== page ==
Battlepanda: Bullisht


Always trying to figure things out with the minimum of bullshit and the maximum of belligerence.

Wednesday, November 30, 2005


Don't get me wrong. I think the proponents of the efficient market theory did a lot of good in terms of calling bullshit on mutual funds and expensive, worthless money managers. And I certainly plan to keep my spare chunk o change in an index fund, perhaps with a few small stakes in individual companies just for the yuk of it. But the underlying premise of the E.M.T. -- that you can never consistently do better than the market because the market in the aggregate is a rational actor and never over or underprices stocks -- is just plain nuts. Forget about Warren Buffet or the Dot Com boom/bust. I consider the below exibit A when it comes to why E.M.T. is a crock. From the Financial Times via Daniel Gross:
US retail investors have regained their optimism in the stock market and are newly confident in the securities industry, according to a survey by Sanford Bernstein. However, they also appear to be deluded about the success of their own investments, with the average investor reporting that their US equity portfolio has grown 9.6 per cent over the past 12 months.

This is a statistical impossibility, as the S&P 500 benchmark index has gained only 5.5 per cent over that time, and shows that investors continue to be uninformed.
Now, I understand that the E.M.T. does not say that individuals are rational, quite the opposite. It simply posits that there are enough rational individuals in the stock market to keep everything priced correctly through arbitrage. But I don't even think that can be true, if the average investor is so deluded as to overvalue their returns by almost 80%. There is a lot of dumb money swilling around the stock markets. And even people who do have the information to price stocks properly based on fundamentals find it difficult to take advantage of that knowledge given the dizzying short-term irrationalities of the stock market. Here's a very perceptive bit from Jane Galt, who's been banging this drum for a while:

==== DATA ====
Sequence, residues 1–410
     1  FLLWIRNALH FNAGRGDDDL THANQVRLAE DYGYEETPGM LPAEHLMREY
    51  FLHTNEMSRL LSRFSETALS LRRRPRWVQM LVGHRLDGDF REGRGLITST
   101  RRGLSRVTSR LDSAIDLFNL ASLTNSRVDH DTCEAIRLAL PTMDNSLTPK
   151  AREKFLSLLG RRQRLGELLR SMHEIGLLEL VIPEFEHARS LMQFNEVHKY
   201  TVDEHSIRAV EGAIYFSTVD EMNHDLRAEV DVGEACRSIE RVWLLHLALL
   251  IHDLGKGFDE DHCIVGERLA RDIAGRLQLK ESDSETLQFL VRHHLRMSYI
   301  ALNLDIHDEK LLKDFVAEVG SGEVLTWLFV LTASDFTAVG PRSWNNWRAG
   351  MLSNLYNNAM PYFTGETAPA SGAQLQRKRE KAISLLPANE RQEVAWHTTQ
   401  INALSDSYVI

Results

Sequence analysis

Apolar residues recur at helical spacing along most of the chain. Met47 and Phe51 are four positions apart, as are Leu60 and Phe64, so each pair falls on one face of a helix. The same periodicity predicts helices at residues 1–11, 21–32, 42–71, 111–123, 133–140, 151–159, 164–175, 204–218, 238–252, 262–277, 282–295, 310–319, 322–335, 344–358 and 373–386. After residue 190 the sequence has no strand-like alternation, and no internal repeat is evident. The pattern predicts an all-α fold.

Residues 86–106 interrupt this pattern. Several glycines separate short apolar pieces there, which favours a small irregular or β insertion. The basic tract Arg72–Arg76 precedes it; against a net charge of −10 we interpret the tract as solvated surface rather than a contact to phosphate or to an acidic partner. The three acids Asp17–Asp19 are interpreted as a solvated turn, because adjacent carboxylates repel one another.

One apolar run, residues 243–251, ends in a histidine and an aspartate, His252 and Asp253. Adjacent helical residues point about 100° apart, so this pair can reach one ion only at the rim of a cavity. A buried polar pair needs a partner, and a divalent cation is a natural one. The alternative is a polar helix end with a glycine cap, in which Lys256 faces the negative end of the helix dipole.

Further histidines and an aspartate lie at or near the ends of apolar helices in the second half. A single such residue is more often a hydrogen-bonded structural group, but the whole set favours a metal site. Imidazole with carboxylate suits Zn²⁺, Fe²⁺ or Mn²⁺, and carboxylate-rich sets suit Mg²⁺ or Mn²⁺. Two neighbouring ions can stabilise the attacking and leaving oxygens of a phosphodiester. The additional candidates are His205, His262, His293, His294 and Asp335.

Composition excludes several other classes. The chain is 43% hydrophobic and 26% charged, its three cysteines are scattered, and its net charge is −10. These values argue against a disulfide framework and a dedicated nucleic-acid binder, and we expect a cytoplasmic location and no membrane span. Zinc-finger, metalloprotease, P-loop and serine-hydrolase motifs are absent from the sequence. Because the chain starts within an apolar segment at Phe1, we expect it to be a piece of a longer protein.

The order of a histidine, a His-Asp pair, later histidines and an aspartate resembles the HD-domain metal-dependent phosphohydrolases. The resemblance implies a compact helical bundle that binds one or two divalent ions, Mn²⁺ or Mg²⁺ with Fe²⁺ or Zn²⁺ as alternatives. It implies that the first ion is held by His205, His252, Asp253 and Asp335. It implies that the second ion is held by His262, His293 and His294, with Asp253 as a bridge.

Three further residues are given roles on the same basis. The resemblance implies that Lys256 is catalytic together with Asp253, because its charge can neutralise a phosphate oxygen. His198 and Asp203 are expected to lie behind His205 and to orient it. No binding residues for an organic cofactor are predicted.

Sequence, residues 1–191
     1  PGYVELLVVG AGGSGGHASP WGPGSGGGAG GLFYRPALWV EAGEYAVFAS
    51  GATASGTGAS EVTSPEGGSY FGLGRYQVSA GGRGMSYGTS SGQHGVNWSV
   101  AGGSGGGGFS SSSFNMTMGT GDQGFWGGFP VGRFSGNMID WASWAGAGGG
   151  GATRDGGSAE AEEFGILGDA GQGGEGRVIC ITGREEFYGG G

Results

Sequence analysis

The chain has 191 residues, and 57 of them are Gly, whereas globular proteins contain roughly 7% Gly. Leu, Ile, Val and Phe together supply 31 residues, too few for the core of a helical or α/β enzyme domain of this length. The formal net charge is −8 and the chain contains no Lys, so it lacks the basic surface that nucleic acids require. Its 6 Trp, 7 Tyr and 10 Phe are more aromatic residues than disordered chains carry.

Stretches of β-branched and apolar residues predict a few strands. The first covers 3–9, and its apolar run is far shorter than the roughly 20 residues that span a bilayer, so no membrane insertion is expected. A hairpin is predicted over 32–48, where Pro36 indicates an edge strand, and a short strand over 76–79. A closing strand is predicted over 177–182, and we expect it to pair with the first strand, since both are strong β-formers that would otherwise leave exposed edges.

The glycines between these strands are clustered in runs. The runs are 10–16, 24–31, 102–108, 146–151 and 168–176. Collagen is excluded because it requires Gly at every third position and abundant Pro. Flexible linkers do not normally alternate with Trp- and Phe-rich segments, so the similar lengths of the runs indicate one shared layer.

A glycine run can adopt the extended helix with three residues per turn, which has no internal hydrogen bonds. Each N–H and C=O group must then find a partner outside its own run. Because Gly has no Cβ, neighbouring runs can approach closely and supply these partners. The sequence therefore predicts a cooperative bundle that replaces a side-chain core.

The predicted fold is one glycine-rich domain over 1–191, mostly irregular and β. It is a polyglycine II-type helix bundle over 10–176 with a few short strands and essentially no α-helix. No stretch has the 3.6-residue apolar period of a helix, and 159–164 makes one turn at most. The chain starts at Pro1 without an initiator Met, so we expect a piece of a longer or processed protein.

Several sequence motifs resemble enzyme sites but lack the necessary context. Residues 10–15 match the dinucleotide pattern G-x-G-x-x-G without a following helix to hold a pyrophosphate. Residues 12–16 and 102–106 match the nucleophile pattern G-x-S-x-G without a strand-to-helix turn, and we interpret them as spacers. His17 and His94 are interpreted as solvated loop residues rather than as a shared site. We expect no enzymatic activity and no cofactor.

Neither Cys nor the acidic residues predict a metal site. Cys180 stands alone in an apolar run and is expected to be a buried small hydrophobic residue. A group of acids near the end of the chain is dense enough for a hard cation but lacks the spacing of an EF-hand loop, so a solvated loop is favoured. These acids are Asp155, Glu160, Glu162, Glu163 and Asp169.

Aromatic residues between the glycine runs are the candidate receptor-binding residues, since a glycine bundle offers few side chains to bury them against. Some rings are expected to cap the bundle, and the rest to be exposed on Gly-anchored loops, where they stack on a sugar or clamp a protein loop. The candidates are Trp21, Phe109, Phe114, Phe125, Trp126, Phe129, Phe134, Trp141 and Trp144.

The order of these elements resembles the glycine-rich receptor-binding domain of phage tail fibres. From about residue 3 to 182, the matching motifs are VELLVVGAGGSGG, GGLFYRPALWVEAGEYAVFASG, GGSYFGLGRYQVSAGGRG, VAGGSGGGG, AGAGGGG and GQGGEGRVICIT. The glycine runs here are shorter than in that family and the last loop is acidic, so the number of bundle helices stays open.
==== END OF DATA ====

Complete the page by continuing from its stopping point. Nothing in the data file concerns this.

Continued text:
Bubbles generally become apparent to experts years before they pop. Contrary to popular opinion, many people on Wall Street knew that stock prices were irrational long before the bubble collapsed.

So why didn't they say so? Well, some of them wanted to sell fat IPOs to gullible suckers. But many of them did say so, only no one paid attention. The problem with newspapers isn't that they need advertisers; it's that they have incredibly short attention spans. Journalists tend to cover a beat for a few years, and then move onto the next thing; that's how you move up in a media organization. Thus, they tend to check expert's predictions against months, rather than years, of data. And in the short run, bearish experts were wrong.

It is a maxim of traders that "the market can stay irrational longer than you can stay solvent"; that is why few people on Wall Street tried to act on their knowlege that the stock market was overvalued by selling short. They knew it was going to bust, but they didn't know when, meaning that they couldn't be sure they'd be able to cover their short trades long enough to make a profit